Four years ago, a US military helicopter crashed in the UK, killing all four crew members. The cause: a flock of geese.
Birds and wildlife pose a deadly threat to American military aircraft and their crew. Between 1985 and 2016, bird strikes killed 36 American airmen, destroyed 27 US Air Force aircraft and cost the service almost a billion dollars, according to the 28th Bomb Wing Public Affairs Office at Ellsworth Air Force Base.
Defensive technology has improved, reducing the number of incidents, but destructive accidents continue to occur. Between 2011 and 2017, the USAF experienced 418 wildlife-related mishaps, resulting in $182 million in damages, according to Military Times.
Canadian Geese alone cost the USAF almost 0 million between fiscal year 1995 and fiscal year 2016.
To counter the threat posed by birds, Ellsworth Air Force Base in South Dakota installed an automated bird deterrent system — special cannons designed to keep the animals away.
The 0,000 bird abatement system consists of a rotating cannon and a propane tank. The cannon produces a loud sound similar to a shotgun blast to scare the birds away. Some units, the Associated Press reports, are equipped with speakers able to blare the distress calls of several different bird species.
“Birds are a huge problem for our aircraft operations,” James McCurdy, a 28th Bomb Wing flight safety officer, explained to the AP. “In the middle of our migration season (October, November, April and May), it’s not abnormal for us to hit and kill a bird at least once a week. They cost us hundreds of thousands of dollars a year.”
The bird cannons only require around ,000 a year to maintain, which could mean significant savings for the base.
Bird strikes are problems the world over. This photo shows an Israeli Air Force UH-60 Blackhawk after a bird strike.
Some of the other tools, outside of manpower, that have been used to keep birds away from US aircraft in the past include the Avian Hazard Advisory System (AHAS), a weather radar that can keep track of flocks of birds, and a bird detection radar for monitoring individual birds.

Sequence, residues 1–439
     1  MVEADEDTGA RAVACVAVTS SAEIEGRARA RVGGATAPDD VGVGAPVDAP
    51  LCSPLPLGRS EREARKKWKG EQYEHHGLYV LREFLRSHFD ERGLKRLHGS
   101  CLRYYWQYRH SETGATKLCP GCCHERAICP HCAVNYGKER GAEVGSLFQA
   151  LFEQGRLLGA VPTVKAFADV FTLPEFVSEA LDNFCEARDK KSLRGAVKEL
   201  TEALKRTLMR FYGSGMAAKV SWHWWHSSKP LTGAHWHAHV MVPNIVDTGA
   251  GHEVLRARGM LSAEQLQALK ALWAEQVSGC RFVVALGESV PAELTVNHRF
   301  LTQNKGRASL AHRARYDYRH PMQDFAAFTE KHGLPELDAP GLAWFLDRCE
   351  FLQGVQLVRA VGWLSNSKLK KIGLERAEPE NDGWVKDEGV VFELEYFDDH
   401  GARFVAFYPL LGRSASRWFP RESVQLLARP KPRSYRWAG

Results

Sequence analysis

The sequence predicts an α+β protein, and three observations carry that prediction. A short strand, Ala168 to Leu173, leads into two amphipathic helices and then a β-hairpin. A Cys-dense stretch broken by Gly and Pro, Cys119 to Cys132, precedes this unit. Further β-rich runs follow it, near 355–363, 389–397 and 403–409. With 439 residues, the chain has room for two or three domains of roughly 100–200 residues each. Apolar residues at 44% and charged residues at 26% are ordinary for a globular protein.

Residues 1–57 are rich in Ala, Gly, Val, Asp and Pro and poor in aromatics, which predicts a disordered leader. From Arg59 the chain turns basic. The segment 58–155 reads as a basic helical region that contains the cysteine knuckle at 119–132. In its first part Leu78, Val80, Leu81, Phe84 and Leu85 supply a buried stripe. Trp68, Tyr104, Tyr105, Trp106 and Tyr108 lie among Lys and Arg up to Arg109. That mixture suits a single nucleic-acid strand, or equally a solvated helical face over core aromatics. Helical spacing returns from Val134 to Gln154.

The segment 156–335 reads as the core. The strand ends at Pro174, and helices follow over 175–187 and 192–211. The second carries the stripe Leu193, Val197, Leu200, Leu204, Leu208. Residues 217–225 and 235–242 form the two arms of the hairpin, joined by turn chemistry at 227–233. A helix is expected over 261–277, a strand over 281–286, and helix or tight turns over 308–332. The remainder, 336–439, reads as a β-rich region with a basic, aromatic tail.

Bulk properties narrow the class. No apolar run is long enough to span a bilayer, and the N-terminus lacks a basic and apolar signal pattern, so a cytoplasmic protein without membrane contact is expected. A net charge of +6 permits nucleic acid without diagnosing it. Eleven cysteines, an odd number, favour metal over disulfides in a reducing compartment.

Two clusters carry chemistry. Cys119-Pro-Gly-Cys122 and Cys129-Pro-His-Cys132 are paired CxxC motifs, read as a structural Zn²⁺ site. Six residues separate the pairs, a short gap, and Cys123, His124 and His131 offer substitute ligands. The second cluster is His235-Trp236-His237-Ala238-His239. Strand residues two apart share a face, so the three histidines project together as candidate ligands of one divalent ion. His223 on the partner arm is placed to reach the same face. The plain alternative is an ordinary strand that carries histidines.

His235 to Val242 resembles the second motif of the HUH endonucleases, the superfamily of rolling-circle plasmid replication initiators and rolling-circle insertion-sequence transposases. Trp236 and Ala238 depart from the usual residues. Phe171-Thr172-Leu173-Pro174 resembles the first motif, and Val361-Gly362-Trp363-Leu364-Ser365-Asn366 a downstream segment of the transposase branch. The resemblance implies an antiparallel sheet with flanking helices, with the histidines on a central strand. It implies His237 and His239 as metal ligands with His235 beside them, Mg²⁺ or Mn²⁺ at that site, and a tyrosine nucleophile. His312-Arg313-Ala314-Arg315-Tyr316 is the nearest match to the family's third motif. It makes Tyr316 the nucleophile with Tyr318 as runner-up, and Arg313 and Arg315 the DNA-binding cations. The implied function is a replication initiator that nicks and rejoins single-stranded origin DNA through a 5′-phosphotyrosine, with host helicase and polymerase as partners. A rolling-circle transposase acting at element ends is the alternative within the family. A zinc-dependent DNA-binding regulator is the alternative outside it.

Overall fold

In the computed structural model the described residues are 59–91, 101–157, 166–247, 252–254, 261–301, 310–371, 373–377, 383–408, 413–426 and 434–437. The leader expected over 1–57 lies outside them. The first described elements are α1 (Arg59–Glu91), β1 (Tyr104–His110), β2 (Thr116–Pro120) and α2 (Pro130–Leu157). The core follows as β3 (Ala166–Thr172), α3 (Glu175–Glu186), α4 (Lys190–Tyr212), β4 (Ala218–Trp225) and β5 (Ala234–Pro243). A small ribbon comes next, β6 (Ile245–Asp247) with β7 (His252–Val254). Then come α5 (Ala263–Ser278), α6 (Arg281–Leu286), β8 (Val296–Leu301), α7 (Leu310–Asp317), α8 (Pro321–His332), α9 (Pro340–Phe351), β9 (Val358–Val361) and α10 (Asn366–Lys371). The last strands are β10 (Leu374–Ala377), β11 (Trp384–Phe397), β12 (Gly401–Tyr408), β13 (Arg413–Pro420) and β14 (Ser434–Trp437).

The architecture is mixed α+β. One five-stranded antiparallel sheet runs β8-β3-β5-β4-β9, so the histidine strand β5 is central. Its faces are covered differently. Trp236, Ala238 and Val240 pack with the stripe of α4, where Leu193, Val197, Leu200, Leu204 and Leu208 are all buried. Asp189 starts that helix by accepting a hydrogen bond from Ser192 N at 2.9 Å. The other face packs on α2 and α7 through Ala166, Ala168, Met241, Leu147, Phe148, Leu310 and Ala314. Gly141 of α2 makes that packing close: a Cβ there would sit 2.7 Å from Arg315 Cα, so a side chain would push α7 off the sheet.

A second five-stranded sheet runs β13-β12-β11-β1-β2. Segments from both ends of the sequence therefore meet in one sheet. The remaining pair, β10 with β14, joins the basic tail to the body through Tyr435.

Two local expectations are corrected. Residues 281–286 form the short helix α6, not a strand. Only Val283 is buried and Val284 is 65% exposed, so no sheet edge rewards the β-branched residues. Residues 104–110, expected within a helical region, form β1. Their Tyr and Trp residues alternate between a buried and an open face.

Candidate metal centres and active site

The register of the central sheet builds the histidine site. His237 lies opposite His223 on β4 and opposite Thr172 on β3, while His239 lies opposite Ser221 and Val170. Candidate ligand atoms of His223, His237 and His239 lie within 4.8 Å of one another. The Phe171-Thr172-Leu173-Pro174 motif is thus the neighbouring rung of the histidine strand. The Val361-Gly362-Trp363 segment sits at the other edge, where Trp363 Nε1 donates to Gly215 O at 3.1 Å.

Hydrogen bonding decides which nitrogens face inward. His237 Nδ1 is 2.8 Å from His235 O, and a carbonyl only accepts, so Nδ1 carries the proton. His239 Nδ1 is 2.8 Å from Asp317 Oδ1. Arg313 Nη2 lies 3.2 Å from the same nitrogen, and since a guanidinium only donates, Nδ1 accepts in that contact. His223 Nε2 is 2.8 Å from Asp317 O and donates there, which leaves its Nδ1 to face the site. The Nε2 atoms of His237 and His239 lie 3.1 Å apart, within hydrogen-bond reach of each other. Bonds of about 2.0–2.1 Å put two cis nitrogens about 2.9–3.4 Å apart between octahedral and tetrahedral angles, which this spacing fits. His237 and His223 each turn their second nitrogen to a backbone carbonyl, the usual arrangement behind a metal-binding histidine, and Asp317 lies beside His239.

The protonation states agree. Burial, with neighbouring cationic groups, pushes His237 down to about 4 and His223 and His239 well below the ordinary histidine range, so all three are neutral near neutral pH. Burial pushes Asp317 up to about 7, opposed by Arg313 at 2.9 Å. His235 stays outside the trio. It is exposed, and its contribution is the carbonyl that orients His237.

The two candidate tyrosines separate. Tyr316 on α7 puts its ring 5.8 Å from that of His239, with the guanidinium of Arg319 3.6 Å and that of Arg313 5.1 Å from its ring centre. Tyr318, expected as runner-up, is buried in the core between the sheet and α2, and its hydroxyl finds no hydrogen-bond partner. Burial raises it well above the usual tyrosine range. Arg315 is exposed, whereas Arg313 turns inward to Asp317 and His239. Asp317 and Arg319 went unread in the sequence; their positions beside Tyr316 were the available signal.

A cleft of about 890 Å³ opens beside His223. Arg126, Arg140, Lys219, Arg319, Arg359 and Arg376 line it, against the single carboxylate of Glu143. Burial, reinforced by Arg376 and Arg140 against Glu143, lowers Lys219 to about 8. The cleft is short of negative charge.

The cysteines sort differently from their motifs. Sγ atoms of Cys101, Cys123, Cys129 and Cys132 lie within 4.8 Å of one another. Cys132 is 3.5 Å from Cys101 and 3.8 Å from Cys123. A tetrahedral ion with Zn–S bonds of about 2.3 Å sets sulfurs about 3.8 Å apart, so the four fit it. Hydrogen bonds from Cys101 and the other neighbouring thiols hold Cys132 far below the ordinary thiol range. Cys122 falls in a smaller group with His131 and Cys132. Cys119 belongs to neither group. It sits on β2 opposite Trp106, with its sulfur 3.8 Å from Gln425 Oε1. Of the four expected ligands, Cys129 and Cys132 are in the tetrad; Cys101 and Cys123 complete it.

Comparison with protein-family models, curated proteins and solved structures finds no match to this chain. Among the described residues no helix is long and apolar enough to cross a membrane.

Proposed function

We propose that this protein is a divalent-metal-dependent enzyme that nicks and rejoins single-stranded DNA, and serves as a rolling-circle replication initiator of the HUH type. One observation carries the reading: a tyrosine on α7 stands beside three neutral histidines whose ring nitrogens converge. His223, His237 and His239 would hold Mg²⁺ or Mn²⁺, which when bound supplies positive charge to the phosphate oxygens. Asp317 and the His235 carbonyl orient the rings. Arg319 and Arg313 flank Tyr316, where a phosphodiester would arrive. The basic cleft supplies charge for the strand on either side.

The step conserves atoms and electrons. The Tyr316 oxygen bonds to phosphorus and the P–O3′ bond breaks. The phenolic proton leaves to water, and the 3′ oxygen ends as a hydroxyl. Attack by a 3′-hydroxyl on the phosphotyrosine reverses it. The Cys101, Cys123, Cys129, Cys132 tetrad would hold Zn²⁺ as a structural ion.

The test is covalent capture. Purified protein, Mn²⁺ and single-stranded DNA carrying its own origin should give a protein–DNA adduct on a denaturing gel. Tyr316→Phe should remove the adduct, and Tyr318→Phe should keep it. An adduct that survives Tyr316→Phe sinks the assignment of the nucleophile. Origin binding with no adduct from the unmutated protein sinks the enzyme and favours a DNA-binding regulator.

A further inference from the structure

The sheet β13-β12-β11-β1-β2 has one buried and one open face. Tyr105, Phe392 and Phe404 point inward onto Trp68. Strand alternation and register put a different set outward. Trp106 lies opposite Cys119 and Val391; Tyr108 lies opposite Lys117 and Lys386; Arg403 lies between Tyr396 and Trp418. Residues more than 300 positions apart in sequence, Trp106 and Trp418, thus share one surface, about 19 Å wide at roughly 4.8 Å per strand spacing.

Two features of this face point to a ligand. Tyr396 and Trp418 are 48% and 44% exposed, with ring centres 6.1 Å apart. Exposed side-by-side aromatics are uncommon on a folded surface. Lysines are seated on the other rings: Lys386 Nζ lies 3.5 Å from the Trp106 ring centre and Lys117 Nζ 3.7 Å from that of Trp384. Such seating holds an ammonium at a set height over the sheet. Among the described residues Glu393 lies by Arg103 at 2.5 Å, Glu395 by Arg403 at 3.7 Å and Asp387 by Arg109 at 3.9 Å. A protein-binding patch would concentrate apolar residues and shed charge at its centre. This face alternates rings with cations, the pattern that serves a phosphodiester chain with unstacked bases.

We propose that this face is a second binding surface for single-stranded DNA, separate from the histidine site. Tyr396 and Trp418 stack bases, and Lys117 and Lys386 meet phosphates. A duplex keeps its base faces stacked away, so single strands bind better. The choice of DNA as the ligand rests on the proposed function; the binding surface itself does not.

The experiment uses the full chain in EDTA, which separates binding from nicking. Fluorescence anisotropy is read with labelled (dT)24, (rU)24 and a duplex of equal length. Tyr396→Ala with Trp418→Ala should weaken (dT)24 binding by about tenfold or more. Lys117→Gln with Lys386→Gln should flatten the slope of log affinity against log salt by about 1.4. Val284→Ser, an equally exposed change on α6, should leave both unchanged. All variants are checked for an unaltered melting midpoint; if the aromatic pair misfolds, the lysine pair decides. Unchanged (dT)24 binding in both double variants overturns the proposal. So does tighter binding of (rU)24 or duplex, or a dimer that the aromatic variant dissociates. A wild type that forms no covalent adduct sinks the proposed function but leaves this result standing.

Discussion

Not every Air Force base is equipped with these defense systems though. At Ellsworth, which is home to one of the two Air Force B-1 Lancer bomber wings, the previous approach to dealing with wildlife was to send someone out with a shotgun.
Ellsworth now has 24 bird cannons installed along the runway to protect the bombers, each of which reportedly costs around 0 million.
This article originally appeared on Business Insider. Follow @BusinessInsider on Twitter.
This year, the Military Influencer Conference (MIC) has partnered with Honor2Lead to create a one-of-a-kind virtual seminar. The live event will be broadcast from Atlanta, Georgia, on November 10th from 10 am to 8 pm. Participate virtually with a Virtual Pass and be a part of thousands who come together to honor and celebrate America’s veterans.
Honor2Lead brings together the top minds and leaders in the fields of business, military and academia to ignite conversations about ethics and values. This event will deliver actionable insights from members of the military community to help forge relationships that lead to powerful collaborations. This global online event is sure to positively impact the military community like never before.
Still not sure if you should attend? Take a look at this list of just a few of the speakers presenting at the event.
Daymond John, star of ABC’s Shark Tank and founder of the $6 billion fashion brand FUBU, John believes that life is a series of mentors. During the virtual event, he will speak about his entrepreneurial journey and the lessons he’s learned.
Lacey Evans doesn’t let barriers stop her from doing everything she wants to do. The former Marine, WWE Superstar, wife, and mother consistently proves that no matter where you come from, success is possible.
Actor Alexander Ludwig, star of Vikings, uses his influence and celebrity status to help showcase the untold stories of American veterans. During the Honor2Lead summit, he’ll give insights into the Recon film premier and discuss how he helps give back to the military community.
Vincent “Rocco” Vargas, decorated combat veteran Army Ranger and actor on the FX series Mayans MC, will talk about his true calling: lifting up his fellow veterans. His presentation will explore how the military community can serve veterans.